It was accepted, as I’ve mentioned, by counsel for the respondent that the committee has no relevant declaratory jurisdiction and, to the extent that the appeal to the committee seeks declarations or determinations of that nature, the appeal was seeking declaration on matters that were outside the jurisdiction of the committee.  It was also accepted by the respondent that, properly construed, the appeal contained matters which constitute a challenge about a referral agency’s response concerning the amenity and aesthetic impact of a building or structure.

On 27 July 2016 the acting registrar of the committee formally notified the parties that the chief executive established a committee for the appeal comprising Mr Robert Laidley as chairperson and Mr Chris Harris as a member of the committee.  The letter of 27 July 2016 advising the parties as to the committee established to hear and decide the appeal described the nature of the proceedings before it as follows:

The appeal is against the Decision Notice of Trevor Gerhardt as the Assessment Manager refusing building works for a metal roof awning to an existing house (10a).  The refusal was based on the advice of Brisbane City Council as Concurrence Agency who advise that the building work for the extensions to the dwelling house will [sic] (a) will have an extremely adverse effect on the amenity or likely amenity of the locality; or (b) be in extreme conflict with the character of the locality.

Section 502(2) of the Sustainable Planning Act provides that, “if the committee is to hear only an appeal about a referral agency’s response concerning the amenity and aesthetic impact of a building or structure, its chairperson must be an architect”.

In determining whether an appeal is only about a referral agency’s response concerning the amenity and aesthetic impacts, I consider it appropriate to disregard those matters contained within the appeal that could not legitimately be the subject of an appeal to the building and development committee.  They are matters which were conceded by the respondent as matters not legitimately the subject of an appeal.  When the appeal is construed in that light, the appeal is one that is only an appeal about a referral agency’s response concerning the amenity and aesthetic impact of a building or structure.  Again, as much was conceded by the respondent.

The chairperson of the committee established by the chief executive was Mr Robert Laidley.  Section 502(2) of the Sustainable Planning Act required that the chairperson of the committee be an architect.  The Architects Act 2002 provides for the registration of architects.  Pursuant to that Act, an architect is defined as a person registered as an architect under the Act.  Section 9 of the Architects Act 2002 provides when an applicant is eligible for registration as an architect.  Section 10 provides when an applicant is qualified for registration as an architect.  An applicant can only be registered as an architect in Queensland if the applicant has appropriate qualifications and has successfully completed the architectural practice examination (or another examination if approved by the board).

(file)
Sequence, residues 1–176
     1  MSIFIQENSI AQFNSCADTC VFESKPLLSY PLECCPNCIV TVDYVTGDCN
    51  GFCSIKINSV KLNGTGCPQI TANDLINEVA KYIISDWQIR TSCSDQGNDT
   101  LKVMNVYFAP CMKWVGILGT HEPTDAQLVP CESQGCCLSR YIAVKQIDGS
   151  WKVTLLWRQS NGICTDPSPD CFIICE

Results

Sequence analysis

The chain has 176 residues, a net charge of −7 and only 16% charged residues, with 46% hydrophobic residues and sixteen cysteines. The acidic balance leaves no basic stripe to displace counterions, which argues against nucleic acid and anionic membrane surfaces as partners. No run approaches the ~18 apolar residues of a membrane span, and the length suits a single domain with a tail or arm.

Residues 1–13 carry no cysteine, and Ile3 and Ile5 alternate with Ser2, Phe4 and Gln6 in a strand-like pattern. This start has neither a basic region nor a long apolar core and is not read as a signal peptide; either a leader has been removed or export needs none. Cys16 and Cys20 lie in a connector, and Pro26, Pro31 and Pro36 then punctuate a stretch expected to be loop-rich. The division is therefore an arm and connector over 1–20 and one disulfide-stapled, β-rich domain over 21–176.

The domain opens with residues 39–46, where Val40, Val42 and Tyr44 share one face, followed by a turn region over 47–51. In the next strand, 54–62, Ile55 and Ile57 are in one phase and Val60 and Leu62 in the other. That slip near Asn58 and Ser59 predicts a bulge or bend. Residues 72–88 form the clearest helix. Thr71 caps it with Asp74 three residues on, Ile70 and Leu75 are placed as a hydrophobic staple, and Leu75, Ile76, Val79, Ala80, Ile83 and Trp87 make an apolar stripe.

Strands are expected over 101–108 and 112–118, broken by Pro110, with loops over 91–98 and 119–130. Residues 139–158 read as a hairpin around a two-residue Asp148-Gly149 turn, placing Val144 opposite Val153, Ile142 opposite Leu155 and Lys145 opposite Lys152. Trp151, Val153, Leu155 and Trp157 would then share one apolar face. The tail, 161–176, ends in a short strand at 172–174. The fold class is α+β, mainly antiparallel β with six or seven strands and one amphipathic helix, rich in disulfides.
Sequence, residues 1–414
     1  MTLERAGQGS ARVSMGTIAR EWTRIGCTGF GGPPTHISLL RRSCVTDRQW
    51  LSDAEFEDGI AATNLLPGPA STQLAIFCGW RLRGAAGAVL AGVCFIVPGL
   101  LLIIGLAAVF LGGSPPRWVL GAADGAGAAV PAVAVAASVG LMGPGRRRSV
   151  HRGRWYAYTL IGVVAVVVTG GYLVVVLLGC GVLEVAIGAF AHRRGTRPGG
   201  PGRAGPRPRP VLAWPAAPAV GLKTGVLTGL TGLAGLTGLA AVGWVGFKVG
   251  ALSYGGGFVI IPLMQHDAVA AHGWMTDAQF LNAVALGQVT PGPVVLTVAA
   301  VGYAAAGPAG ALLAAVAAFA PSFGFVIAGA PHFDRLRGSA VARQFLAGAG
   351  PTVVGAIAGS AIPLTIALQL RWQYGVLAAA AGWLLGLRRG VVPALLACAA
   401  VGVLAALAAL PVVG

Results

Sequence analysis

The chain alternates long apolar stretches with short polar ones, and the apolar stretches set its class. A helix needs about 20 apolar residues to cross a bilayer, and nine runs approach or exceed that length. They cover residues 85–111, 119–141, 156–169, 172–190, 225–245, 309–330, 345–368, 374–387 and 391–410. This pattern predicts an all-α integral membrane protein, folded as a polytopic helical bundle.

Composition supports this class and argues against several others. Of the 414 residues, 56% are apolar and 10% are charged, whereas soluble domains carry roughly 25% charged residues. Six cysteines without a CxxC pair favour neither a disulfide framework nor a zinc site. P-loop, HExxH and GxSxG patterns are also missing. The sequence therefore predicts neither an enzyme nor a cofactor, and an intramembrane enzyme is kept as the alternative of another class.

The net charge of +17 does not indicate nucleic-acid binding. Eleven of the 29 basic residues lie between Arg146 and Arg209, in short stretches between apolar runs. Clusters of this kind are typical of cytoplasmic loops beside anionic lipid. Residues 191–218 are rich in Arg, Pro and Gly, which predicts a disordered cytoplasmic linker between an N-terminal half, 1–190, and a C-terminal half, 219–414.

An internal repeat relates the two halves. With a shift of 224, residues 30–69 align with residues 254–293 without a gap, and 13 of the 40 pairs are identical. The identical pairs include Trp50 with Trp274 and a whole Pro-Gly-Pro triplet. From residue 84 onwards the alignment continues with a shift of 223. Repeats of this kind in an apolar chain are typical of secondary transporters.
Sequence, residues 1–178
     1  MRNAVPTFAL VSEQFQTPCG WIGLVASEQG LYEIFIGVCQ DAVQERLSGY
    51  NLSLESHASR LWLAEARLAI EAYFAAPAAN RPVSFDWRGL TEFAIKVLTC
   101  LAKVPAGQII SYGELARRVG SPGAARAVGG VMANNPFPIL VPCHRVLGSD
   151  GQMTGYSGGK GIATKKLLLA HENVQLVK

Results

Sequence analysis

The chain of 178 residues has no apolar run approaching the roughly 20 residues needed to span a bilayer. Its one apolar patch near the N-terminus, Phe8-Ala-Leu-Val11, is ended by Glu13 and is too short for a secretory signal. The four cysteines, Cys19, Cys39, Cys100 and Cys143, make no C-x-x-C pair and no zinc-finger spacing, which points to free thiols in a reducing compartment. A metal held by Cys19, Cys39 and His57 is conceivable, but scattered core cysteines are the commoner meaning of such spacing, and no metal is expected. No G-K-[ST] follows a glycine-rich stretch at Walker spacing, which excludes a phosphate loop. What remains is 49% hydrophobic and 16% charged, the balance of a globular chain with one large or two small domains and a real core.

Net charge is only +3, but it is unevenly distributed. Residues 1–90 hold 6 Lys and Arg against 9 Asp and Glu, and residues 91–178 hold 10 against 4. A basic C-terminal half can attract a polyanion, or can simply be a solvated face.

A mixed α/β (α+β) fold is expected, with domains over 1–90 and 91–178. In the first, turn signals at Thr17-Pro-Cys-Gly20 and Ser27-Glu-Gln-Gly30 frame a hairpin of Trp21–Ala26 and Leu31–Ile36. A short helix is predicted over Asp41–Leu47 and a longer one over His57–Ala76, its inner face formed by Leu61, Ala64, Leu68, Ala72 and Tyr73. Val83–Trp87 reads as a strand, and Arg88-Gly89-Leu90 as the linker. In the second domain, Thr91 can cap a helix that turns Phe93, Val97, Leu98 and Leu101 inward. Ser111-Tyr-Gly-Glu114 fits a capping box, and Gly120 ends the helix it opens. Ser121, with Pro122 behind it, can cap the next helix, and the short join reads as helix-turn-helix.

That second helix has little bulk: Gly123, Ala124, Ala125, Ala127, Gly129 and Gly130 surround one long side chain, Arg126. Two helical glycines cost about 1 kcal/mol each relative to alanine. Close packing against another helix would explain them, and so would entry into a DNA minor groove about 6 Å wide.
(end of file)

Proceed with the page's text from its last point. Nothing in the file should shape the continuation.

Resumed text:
The board must keep a register of the persons who are architects as defined.  The register may be kept in electronic form.

Under section 103 of the Architects Act 2002, the register must be kept open for inspection and provided upon request.  Pursuant to section 103(2), the register may be made available on the board’s website.

The council’s affidavit material contains a copy of the online version of the current register of architects.  It reveals that Mr Robert Laidley is not a registered architect.  He is not included in the current register of architects for the board of architects of Queensland.  There is no contest between the appellant and respondent about this issue.  The respondent accepts that Mr Laidley is not a registered architect in Queensland and therefore not an architect for the purposes of section 502 of the Sustainable Planning Act.  As such, the committee established by the chief executive did not include an architect as the chairperson.

In circumstances where the appeal was only about a referral agency’s response concerning the amenity and aesthetic of a building or structure and section 502(2) of the Sustainable Planning Act mandates that the chairperson be an architect, the committee established by the chief executive was not properly constituted and consequently did not have power to hear and determine the appeal at first instance.

Having regard to those matters and section 480 of the Sustainable Planning Act 2009 and section 496 of the Sustainable Planning Act 2009, together with the fact that the council has indicated that with respect to the merits it is satisfied that an approval ought be given, I am satisfied that it is not necessary that the matter should be dealt with by a building and development committee. I am satisfied that it is appropriate in the circumstances to allow the appeal, set aside the decision of the building and development committee made on the 15th of February 2017 and approve the development application subject to conditions. I will ask that the parties provide a form of order that contains those conditions that were in the decision notice and provide it to my associate.

Close

Editorial Notes

  • Published Case Name:

    Brisbane City Council v Peter Atkins

  • Shortened Case Name:

    Brisbane City Council v Atkins

  • MNC:

    [2017] QPEC 10

  • Court:

    QPEC

  • Judge(s):

    Kefford DCJ

  • Date:

    06 Mar 2017

Appeal Status

Please note, appeal data is presently unavailable for this judgment. This judgment may have been the subject of an appeal.